As for most of the isolated serotypes, S. Typhimurium was found to be resistant to eight antibiotics (AMC, AMX, TET, SXT, CIP, NAL, GMI, LLP and AMX, CTX, ATM, CRO, FEP, CFM, SXT, CST), results similar to MDR S. Typhimurium isolated from human, chicken and cattle from Malaysia and Colombia [36,37]. MDR phenotype of S. Duisburg, S. Poona, S. Virchow, S. Typhimurium and S. Hvittingfoss isolated in this study seems similar to thesse reported from chicken carcasses [37] indicating an increased risk and concern in the possible contamination of humans through animals.
Antibiotic treatment of salmonellosis is complicated because microorganism under antibiotic pressure may select for virulence within the host [38], acquires tolerance and multiple drug resistance (MDR) phenotypes (fast-, moderate- and low-growing subsets) within host tissues [39] and frequently incorporate new genetic material to resist to the antibiotic selective pressure [40].
This study found that about 80% of Salmonella serovars isolated from children with and without diarrhea in rural settings of Burkina Faso were multidrug-resistant.  Data are consistent with the global health concern imposed by antibiotic resistant strains that may limit the choice of treatment of human infections. Our study provided valuable information on risk factors associated with children diarrhea in Burkina Faso. Results also suggest various needs that include cooperation between the sector of stock farming, governmental and academic institutions to improve surveillance of both Salmonella and its antibiotic resistance patterns in broiler farms, poultry products and humans. To reach this aim, it would be suitable to establish appropriate regulations and funding for antibiotic research, and to promote education and prudent use of antibiotics as well as by clinicians like farmers.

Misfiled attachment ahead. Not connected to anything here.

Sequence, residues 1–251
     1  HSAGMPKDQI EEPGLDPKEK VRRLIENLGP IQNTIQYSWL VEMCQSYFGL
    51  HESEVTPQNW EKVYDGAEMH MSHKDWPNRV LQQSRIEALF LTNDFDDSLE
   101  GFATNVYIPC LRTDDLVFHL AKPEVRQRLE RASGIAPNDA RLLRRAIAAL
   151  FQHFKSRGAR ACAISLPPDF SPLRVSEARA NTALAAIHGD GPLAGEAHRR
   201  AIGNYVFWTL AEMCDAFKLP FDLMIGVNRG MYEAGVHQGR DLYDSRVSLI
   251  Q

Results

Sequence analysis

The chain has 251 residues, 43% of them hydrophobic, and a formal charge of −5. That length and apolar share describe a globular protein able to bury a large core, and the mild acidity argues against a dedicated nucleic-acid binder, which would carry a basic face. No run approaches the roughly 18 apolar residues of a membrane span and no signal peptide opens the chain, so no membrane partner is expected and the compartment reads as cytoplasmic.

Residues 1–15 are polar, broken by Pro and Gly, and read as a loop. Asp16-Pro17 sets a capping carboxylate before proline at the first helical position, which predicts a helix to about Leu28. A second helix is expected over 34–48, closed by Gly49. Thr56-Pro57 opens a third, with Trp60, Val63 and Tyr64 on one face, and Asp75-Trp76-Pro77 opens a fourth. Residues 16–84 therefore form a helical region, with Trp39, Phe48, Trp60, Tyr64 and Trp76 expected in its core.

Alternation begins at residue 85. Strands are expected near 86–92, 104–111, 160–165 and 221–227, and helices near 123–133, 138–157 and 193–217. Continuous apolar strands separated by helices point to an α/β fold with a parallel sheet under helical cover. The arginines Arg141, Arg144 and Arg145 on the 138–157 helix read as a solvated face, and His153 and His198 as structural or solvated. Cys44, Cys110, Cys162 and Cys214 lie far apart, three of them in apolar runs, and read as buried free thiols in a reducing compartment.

The authors gratefully thank the "Laboratoire de Biologie Moléculaire, d’Épidémiologie et de Surveillance des Bactéries et Virus Transmissibles par les Aliments (LaBESTA)", the "Centre National de Recherche et de Formation sur le Paludisme (CNRFP)" for their technical support. We also thank the parents and guardians of children as well as the authorities of the "CMA de Boromo" and "CMA de Gourcy" for their kind cooperation.
Conflict of interest
The authors declare that they have no conflict interests.
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Citation: René Dembélé., et al. “Prevalence of Multidrug-resistant Salmonella enterica and associated factors among under five children with diarrhea in rural Burkina Faso.” Clinical Biotechnology and Microbiology 3.1 (2018): 566-576.
Copyright: © 2018 René Dembélé., et al. This is an open-access article distributed under the terms of the Creative Commons Attribution License, which permits unrestricted use, distribution, and reproduction in any medium, provided the original author and source are credited.